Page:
issues, and looking at what the end point that both sides want rather


than focusing on the means. The Scottish Government wants to the


access to the European single market, we want easy access... They


want to remain members... Let me just ask again... You are dancing


around this, you have listened and listened but you can't give me one


example in which you have acted, one example which you have met a policy


position of the Scottish Government. I think I said in my opening


remarks, Andrew, that education and research and the importance to be


placed on that in the European negotiations with a direct result of


representations made from Scotland. I have also set out areas like


workers' rights and criminal Justice and security where we are in


absolute agreement with the position that the Scottish Government has. We


are also clear that we both want to see businesses from Scotland trading


in the European single market, we both want to see people still being


able to come to Scotland to take up job opportunities here. It is just


how you go about doing that that is the important thing. So you would


not have made education and research a major priority in the negotiations


it had not been the Scottish Government? What we have recognised


is that it's a priority and vital area here in Scotland. One of the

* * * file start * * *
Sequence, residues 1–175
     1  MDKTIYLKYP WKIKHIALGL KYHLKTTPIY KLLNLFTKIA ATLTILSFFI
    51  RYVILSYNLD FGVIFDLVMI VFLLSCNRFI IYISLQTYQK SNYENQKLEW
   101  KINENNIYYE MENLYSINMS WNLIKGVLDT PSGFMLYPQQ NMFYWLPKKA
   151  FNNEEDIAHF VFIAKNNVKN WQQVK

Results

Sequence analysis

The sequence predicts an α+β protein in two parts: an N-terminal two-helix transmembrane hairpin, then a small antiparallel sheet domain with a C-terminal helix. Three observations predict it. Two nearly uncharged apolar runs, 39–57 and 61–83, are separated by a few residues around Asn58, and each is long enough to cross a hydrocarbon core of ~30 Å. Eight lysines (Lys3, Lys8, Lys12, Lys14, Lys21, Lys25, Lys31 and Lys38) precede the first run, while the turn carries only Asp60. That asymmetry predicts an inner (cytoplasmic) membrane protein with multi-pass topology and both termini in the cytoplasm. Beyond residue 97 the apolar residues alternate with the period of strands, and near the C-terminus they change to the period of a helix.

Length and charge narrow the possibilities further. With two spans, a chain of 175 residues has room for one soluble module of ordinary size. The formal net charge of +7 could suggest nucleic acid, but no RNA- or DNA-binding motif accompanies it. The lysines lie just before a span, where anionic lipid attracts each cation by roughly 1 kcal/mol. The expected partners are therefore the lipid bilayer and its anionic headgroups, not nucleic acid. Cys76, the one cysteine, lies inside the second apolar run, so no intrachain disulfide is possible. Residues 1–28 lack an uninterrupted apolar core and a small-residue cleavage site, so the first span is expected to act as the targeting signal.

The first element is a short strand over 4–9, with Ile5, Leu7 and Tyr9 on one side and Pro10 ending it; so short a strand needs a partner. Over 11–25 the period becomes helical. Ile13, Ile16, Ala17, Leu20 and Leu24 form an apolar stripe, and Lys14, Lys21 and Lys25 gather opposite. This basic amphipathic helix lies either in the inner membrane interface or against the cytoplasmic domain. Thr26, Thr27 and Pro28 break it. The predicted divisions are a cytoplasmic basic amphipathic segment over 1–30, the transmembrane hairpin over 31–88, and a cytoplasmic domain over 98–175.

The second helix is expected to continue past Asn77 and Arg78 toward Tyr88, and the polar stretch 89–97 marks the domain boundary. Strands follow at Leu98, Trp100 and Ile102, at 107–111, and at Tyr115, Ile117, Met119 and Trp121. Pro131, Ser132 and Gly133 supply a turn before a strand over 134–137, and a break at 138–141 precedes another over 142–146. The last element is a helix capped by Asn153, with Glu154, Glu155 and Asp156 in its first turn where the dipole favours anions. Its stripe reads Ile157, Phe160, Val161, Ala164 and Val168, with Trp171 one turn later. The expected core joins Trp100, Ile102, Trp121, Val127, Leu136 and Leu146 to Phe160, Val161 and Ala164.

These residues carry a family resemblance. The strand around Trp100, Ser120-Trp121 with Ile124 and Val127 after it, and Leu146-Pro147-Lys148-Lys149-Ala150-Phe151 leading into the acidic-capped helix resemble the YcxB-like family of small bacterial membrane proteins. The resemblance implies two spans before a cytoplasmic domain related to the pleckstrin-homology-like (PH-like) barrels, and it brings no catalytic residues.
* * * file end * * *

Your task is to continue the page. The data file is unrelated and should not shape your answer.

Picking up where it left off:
areas where representation, of course we didn't need the Scottish


Government... So it's not a concession... What we wanted to do


was to work with them to take on broad issues and concerned that they


have raised and that is what officials are in a very detailed


dialogue. But do we believe that Scotland should have a separate and


different arrangement? No, we have not been convinced of that. We are


still open to that argument but we don't see the issues around access


to the market or migration as being a particularly Scottish issues,


these are issues that affect the whole of the UK and we believe that


still working on a United Kingdom -based is it the best way forward.


So let me get this clear, as things stand at the moment, you are not


minded to look at the possibility of Scotland remaining a member of the


single market as the rest of the UK leaves? Is that correct?


I don't see a basis in which Scotland can remain a member but I


see a basis in which Scotland can achieve the sort of access


businesses in Scotland want to that single market. That is what I think


ourselves and the Scottish Government should focus on. The S NP


manifesto, which won them the Scottish Parliamentary elections,